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Capsule Networks use an encoder-decoder structure, where the encoder part consists of the capsule layers (PrimiaryCaps and DigitCaps) and is also the part of the capsule network which performs the actual classification. On the other hand, the decoder attempts to reconstruct the original image from the output of the correct DigitCap. The Decoder in the Capsule Network is used as the regularizer of the network as it helps the network learn better features.

I can see how the decoder is helpful for datasets such as MNIST where all image classes have clear differences and the input size if the image is quite small. However, if the input has large dimensions and differences between image classes are quite small, I see the decoder network as overkill, as it will find it hard to reconstruct images for different classes.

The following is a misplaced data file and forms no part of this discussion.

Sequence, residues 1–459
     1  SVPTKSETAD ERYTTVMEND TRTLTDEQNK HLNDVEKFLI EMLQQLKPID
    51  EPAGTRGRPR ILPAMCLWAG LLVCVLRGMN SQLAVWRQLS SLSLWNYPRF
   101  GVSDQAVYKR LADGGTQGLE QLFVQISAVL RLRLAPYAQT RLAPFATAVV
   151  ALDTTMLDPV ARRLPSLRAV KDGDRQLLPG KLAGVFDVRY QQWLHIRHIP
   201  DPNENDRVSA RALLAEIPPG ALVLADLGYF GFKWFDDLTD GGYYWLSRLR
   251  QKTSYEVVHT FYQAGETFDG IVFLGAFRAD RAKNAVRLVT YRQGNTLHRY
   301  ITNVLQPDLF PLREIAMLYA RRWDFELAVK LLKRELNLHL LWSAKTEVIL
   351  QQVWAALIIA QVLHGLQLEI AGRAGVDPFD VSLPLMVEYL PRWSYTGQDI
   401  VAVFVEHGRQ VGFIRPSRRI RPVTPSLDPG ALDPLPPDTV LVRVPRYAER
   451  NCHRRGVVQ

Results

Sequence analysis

In my case, my dataset consists of 3D MRI images of patients which have Alzheimer's Disease and those who do not. I am down-sampling the images and producing 8 3D patches which will be used as input to the network. The patches still have high dimensions considering that these are 3D, and there are not many clear differences between patches of the two image classes.

My questions here are:

  1. How significant is the decoder part of the capsule network? CNNs that perform image classification, usually do not have a decoder part. Why does the capsule network rely on the decoder to learn better features?

  2. Are there any alternatives to the decoder within the capsule network, acting as a regularizer? Can the decoder be ignored completely?

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